Correction: A previous version of this story listed bureaucracies that weren’t involved in the release of the 2022 State of the Great Lakes report.
It’s peak algal bloom season and as always, Lake Erie is in the spotlight.
It was 2014 when a bloom caused the City of Toledo and nearby residents to go without water for three days after toxins were found in the drinking water. Bottled water flew off the shelves and the national media ran with the story.
For Don Scavia, it was another chapter in the algal bloom saga he had been working on since the late 1990s.
Scavia is now professor emeritus of environment and sustainability at the University of Michigan. Prior to joining the Michigan faculty, Scavia held senior positions at the National Oceanic and Atmospheric Administration. He recently co-authored a column in The Conversation with University of Maryland Professor of Marine Science, Donald Boesch, where they made the case for a national policy to address algal blooms.
Great Lakes Now’s Gary Wilson interviewed Scavia about the need for a national policy on nutrient runoff. Scavia expressed his concerns about why voluntary measures to control the nutrient runoff from farms that fuels the blooms haven’t worked and are unlikely to, and called on the EPA to shift its focus from practices to outcomes.
The interview was conducted via email and edited for clarity and length.
Great Lakes Now: You say that after years of study, the science is clear on what needs to be done to prevent nutrient runoff, and that the states including Michigan and Ohio have entered into formal agreements to clean up Lake Erie, but those efforts have failed because “controls on nutrient pollution are weak and ineffective.” Can you expand on that?
Don Scavia: It is important that the governments have entered into formal agreements through the Great Lakes Water Quality Agreement and the Total Maximum Daily Load (TMDL) program under the Clean Water Act. This is because their activities are required to be tracked and the potential results will be monitored over time.
However, most nutrient loads come from agriculture and efforts to reduce them are still mostly incentive-based and voluntary. Those approaches have proven to be insufficient both in the Great Lakes region and in other large-scale systems like the Chesapeake Bay and the Mississippi Basin.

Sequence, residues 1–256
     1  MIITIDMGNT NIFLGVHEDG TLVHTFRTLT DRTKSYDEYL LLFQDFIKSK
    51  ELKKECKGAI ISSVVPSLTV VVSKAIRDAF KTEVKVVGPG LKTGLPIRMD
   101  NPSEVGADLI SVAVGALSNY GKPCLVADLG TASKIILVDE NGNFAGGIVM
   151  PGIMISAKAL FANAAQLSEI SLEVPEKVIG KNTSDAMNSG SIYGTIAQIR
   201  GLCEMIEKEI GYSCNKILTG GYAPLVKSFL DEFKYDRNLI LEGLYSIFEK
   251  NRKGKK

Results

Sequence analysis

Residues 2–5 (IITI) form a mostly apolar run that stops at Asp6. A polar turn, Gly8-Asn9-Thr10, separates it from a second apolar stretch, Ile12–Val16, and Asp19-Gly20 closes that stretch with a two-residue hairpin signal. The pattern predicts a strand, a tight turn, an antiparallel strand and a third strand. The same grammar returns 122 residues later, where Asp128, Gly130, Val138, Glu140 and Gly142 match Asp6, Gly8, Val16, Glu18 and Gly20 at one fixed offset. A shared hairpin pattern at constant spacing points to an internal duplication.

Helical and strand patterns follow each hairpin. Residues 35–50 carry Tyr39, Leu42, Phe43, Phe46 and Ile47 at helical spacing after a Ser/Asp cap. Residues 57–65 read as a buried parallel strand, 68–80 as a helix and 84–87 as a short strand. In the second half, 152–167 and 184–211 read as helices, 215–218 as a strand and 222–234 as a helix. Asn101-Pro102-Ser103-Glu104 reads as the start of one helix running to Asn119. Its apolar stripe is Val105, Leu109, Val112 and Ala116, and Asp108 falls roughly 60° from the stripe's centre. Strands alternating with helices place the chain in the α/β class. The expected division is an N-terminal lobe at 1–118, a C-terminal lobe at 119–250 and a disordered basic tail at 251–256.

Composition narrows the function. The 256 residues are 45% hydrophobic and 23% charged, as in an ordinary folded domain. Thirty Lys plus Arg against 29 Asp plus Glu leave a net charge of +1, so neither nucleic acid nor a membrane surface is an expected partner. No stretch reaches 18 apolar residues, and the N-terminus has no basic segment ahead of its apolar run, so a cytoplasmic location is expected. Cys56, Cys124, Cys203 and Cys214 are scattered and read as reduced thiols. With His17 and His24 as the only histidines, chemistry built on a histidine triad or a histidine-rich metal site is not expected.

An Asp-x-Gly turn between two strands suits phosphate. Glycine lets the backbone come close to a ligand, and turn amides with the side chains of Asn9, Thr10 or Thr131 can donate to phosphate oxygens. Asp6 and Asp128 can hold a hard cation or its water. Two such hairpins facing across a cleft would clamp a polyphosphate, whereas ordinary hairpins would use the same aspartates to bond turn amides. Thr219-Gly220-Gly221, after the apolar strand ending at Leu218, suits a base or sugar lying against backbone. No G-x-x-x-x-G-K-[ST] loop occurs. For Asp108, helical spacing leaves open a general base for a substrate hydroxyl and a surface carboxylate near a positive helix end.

While nutrient reduction practices may be effective at small scales, the fact that the nutrient loads to these systems have not changed for decades, after investing billions of dollars, suggests the practices are either the wrong ones, or applied in the wrong places, or not implemented at sufficient scales to move the needle.
GLN: In the column you co-wrote for The Conversation in July, and Great Lakes Now re-published, you asked if Lake Erie’s alga blossom will lead to a human health crisis, or just devastate the coastal economy. People generally understand the health risks associated with toxic algae blooms best evidenced by the Toledo water crisis in 2014. Can you elaborate on the economic impacts?
DS: An obvious economic impact are the new costs for monitoring drinking water intakes and treating the water when toxins are present; one study indicates the costs are roughly $3 million per year.
But, the economic impacts go well beyond that. Even when blooms are not toxic, their unsightly scum impacts property values, tourism, and recreation. For example, one study commissioned by the International Joint Commission puts the economic impact of the 2011 and 2014 blooms at $71 million and $65 million, and indicates that if those blooms were to recur annually the losses would be $1.5 and $1.3 billion over 30 years. Another study, published in the peer reviewed literature, puts the potential cost of uncontrolled Lake Erie algal blooms in Canada alone at $5.3 billion over 30 years.
GLN: In June, the federal Government Accounting Office on the lack of progress on controlling nutrient runoff, called for the U.S. Environmental Protection Agency and NOAA to establish a “national goal” to focus the federal government’s attention. How would that make a difference?
DS: The GAO report commends efforts done under the Harmful Algal Bloom and Hypoxia Research and Control Act of 1998 (HABRCA) to monitor and, in some cases, forecast harmful algal blooms and dead zones. They encourage additional efforts like those, especially in freshwater systems.
The report also recommends establishing a national goal focused on prevention. That could be impactful because it would bring more focus on the causes of harmful algal blooms and dead zones – nutrient pollution. However, because of HABRCA’s structure, the report directs the Administrators of NOAA and EPA to establish the program. NOAA has no authority to manage nutrient loads and agriculture is exempt from the Clean Water Act. So, most of the required actions would be under the control of the U.S. Department of Agriculture.